Michael Coleman

Michael Coleman is now Professor of Neuroscience in the Department of Clinical Neuroscience, University of Cambridge. Visit his page there for full details of his current research.

Research Summary

Michael studies basic mechanisms regulating axon survival. Age-related axon loss contributes to declining memory, senses, autonomic nervous system (bladder, gut, etc.) and motor function, leading to physical frailty. It also sets the biological context for age-related neurodegenerative disease.
 

Latest Publications

Protection against oxaliplatin-induced mechanical and thermal hypersensitivity in Sarm1 mice.
Gould SA, White M, Wilbrey AL, Pór E, Coleman MP, Adalbert R

Chemotherapy-induced peripheral neuropathy (CIPN) is a common dose-limiting side effect of cancer treatment, often associated with degeneration of sensory axons or their terminal regions. Presence of the slow Wallerian degeneration protein (WLD), or genetic deletion of sterile alpha and TIR motif containing protein 1 (SARM1), which strongly protect axons from degeneration after injury or axonal transport block, alleviate pain in several CIPN models. However, oxaliplatin can cause an acute pain response, suggesting a different mechanism of pain generation. Here, we tested whether the presence of WLD or absence of SARM1 protects against acute oxaliplatin-induced pain in mice after a single oxaliplatin injection. In BL/6 and Wld mice, oxaliplatin induced significant mechanical and cold hypersensitivities which were absent in Sarm1 mice. Despite the presence of hypersensitivity there was no significant loss of intraepidermal nerve fibers (IENFs) in the footpads of any mice after oxaliplatin treatment, suggesting that early stages of pain hypersensitivity could be independent of axon degeneration. To identify other changes that could underlie the pain response, RNA sequencing was carried out in DRGs from treated and control mice of each genotype. Sarm1 mice had fewer gene expression changes than either BL/6 or Wld mice. This is consistent with the pain measurements in demonstrating that Sarm1DRGs remain relatively unchanged after oxaliplatin treatment, unlike those in BL/6 and Wld mice. Changes in levels of four transcripts - Alas2, Hba-a1, Hba-a2, and Tfrc - correlated with oxaliplatin-induced pain, or absence thereof, across the three genotypes. Our findings suggest that targeting SARM1 could be a viable therapeutic approach to prevent oxaliplatin-induced acute neuropathic pain.

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Experimental neurology, 1, 1, 15 Jan 2021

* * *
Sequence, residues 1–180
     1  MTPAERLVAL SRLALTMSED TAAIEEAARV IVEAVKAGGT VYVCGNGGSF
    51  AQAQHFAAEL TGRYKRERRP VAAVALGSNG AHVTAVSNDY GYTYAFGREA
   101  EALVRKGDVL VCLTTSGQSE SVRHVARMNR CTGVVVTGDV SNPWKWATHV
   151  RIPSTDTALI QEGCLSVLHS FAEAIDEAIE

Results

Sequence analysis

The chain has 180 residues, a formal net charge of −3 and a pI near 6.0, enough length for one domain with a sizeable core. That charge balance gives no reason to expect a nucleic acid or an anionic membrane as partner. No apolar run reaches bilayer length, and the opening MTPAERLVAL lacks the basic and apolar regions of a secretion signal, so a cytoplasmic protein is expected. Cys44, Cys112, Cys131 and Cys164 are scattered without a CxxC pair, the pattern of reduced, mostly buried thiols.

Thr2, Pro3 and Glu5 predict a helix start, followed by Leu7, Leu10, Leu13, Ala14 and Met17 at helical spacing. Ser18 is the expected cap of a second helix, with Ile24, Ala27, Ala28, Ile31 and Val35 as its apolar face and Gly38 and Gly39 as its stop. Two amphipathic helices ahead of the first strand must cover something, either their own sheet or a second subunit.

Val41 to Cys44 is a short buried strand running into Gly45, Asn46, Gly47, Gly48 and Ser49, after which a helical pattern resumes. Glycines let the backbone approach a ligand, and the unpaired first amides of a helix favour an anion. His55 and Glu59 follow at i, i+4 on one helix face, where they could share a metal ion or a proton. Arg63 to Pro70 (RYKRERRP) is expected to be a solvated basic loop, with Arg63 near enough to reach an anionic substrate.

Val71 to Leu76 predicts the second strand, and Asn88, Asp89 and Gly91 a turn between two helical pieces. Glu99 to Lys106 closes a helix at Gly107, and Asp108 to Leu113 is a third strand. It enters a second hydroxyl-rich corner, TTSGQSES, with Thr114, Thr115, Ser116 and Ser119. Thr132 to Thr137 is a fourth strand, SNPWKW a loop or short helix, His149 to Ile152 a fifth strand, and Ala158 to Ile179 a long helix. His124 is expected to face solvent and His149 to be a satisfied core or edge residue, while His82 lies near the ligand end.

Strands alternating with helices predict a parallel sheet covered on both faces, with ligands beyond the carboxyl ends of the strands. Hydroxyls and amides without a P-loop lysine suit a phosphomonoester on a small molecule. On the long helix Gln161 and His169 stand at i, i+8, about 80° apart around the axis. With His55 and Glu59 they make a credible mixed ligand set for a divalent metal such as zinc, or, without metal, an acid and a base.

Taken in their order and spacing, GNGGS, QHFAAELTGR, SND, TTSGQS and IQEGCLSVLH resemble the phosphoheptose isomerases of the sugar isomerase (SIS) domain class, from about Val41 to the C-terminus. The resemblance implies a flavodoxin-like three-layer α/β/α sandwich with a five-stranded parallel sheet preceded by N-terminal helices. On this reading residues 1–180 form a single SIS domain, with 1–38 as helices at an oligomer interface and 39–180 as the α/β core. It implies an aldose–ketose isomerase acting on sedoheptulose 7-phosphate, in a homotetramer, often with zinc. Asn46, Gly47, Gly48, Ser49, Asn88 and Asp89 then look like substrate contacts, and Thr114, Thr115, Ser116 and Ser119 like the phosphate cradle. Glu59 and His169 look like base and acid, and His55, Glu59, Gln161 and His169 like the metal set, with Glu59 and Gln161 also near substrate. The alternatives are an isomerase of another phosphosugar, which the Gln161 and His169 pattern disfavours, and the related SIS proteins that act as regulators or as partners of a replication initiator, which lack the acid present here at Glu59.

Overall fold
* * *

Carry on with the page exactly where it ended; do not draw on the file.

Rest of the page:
PMID: 33460644

Structural basis for RING-Cys-Relay E3 ligase activity and its role in axon integrity.
Mabbitt PD, Loreto A, Déry MA, Fletcher AJ, Stanley M, Pao KC, Wood NT, Coleman MP, Virdee S

MYCBP2 is a ubiquitin (Ub) E3 ligase (E3) that is essential for neurodevelopment and regulates axon maintenance. MYCBP2 transfers Ub to nonlysine substrates via a newly discovered RING-Cys-Relay (RCR) mechanism, where Ub is relayed from an upstream cysteine to a downstream substrate esterification site. The molecular bases for E2-E3 Ub transfer and Ub relay are unknown. Whether these activities are linked to the neural phenotypes is also unclear. We describe the crystal structure of a covalently trapped E2~Ub:MYCBP2 transfer intermediate revealing key structural rearrangements upon E2-E3 Ub transfer and Ub relay. Our data suggest that transfer to the dynamic upstream cysteine, whilst mitigating lysine activity, requires a closed-like E2~Ub conjugate with tempered reactivity, and Ub relay is facilitated by a helix-coil transition. Furthermore, neurodevelopmental defects and delayed injury-induced degeneration in RCR-defective knock-in mice suggest its requirement, and that of substrate esterification activity, for normal neural development and programmed axon degeneration.

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Nature chemical biology, 1, 1, 03 Aug 2020

PMID: 32747811

Axon Degeneration: Which Method to Choose?
Coleman MP

Axons are diverse. They have different lengths, different branching patterns, and different biological roles. Methods to study axon degeneration are also diverse. The result is a bewildering range of experimental systems in which to study mechanisms of axon degeneration, and it is difficult to extrapolate from one neuron type and one method to another. The purpose of this chapter is to help readers to do this and to choose the methods most appropriate for answering their particular research question.

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Methods in molecular biology (Clifton, N.J.), 2143, 1, 2020

PMID: 32524468